To examine the behavior of CTC clusters in the blood vessels of live animals, the researchers used embryonic zebrafish, which have major blood vessels the size of human capillaries and are transparent, making it easy to observe the passage of labeled CTC clusters. Just as within the microfluidic constriction device, human CTC clusters pass through larger and smaller vessels in the same sort of single-file configuration as within the device and then reassemble.
"Since how clusters behave at constrictions depends on how strongly the cells adhere to each other, if we can change that strength – either by breaking clusters up into individuals cells or preventing them from unfolding, we might be able to control their ability to pass through narrow vessels," says Au, who is a research fellow in the MGH Department of Surgery.
Mehmet Toner, PhD, director of the BioMicroElectroMechanical Systems Resource Center in the MGH Department of Surgery and senior author of the PNAS report, adds, "Among the things we need to investigate now are which adhesion molecules are most important to this process, exactly how clusters reform themselves – either repairing broken adhesions or forming new ones – after exiting constrictions, and whether the forces exerted on clusters as they pass through capillaries contribute to their metastatic potential. If we can develop ways of impeding that passage, we might be able to reduce the chance of metastasis, which is the leading cause of cancer death."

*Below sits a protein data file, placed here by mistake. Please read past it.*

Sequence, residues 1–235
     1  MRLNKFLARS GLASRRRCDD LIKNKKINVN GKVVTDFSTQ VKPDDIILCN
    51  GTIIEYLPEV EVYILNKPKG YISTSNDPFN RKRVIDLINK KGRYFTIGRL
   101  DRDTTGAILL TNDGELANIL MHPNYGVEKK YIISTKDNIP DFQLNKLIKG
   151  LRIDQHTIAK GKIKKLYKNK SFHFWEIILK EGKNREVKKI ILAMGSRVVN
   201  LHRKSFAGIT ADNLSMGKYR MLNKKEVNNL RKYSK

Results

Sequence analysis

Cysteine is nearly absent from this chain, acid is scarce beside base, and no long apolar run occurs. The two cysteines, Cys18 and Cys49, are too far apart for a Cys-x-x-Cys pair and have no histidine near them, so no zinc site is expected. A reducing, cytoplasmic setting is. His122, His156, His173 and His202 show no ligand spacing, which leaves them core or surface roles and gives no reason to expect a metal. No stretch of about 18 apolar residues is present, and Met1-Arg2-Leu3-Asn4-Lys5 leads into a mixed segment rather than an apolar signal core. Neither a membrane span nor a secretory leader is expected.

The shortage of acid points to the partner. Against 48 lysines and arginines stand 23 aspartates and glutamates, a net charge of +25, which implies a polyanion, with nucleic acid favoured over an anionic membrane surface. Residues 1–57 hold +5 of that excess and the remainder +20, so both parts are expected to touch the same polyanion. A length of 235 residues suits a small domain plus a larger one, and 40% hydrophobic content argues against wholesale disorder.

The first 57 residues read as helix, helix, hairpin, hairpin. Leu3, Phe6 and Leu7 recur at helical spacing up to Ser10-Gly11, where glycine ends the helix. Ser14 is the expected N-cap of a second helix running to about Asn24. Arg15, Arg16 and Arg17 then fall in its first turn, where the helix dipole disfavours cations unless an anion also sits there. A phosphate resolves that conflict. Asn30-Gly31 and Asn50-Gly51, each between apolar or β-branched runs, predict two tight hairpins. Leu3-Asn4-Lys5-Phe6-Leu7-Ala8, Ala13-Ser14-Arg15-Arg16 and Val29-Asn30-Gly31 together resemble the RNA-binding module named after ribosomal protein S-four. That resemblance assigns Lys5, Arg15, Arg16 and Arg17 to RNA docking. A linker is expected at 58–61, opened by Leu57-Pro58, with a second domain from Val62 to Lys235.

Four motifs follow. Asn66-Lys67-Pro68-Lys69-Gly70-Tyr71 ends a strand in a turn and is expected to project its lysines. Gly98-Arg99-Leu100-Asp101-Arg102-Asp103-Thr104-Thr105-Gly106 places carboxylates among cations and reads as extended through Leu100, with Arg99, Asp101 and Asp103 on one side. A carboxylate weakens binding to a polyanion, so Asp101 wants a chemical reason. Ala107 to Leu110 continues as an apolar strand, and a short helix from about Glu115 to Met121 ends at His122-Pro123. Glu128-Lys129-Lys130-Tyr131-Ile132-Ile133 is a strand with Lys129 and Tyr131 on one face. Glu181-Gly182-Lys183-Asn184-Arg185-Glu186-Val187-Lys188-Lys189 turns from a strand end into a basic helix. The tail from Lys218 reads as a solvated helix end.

Along with Toner, who is the Benedict Professor of Surgery at Harvard Medical School, Shannon Stott, PhD, of the MGH Cancer Center and Center for Engineering in Medicine, is co-corresponding author. Additional co-authors are John Moore, PhD, Qin Tang, Sarah Javaid, Ryan Sullivan, MD, Marissa Madden, Ryan O'Keefe , Daniel Haber, MD, PhD, Shyamala Maheswaran, PhD, and David Langenau, PhD, MGH Cancer Center; Fatih Sarioglua, PhD, MGH Center for Engineering in Medicine; Brian D. Storey, PhD, Olin College; and Yeng-Long Chen, PhD, Academia Sinica, Taiwan.
Support for the study includes National Institutes of Health (NIH) grants F33 GM109574, R24 OD016761, P41 EB002503-11; and grants from the Howard Hughes Medical Institute, the Alex's Lemonade Stand Foundation, the Live Like Bella Foundation, and a National Institute of Biomedical Imaging and Bioengineering Quantum Grant.
Massachusetts General Hospital, founded in 1811, is the original and largest teaching hospital of Harvard Medical School. The MGH conducts the largest hospital-based research program in the United States, with an annual research budget of more than $800 million and major research centers in AIDS, cardiovascular research, cancer, computational and integrative biology, cutaneous biology, human genetics, medical imaging, neurodegenerative disorders, regenerative medicine, reproductive biology, systems biology, transplantation biology and photomedicine. In July 2015, MGH returned into the number one spot on the 2015-16 U.S. News & World Report list of "America's Best Hospitals."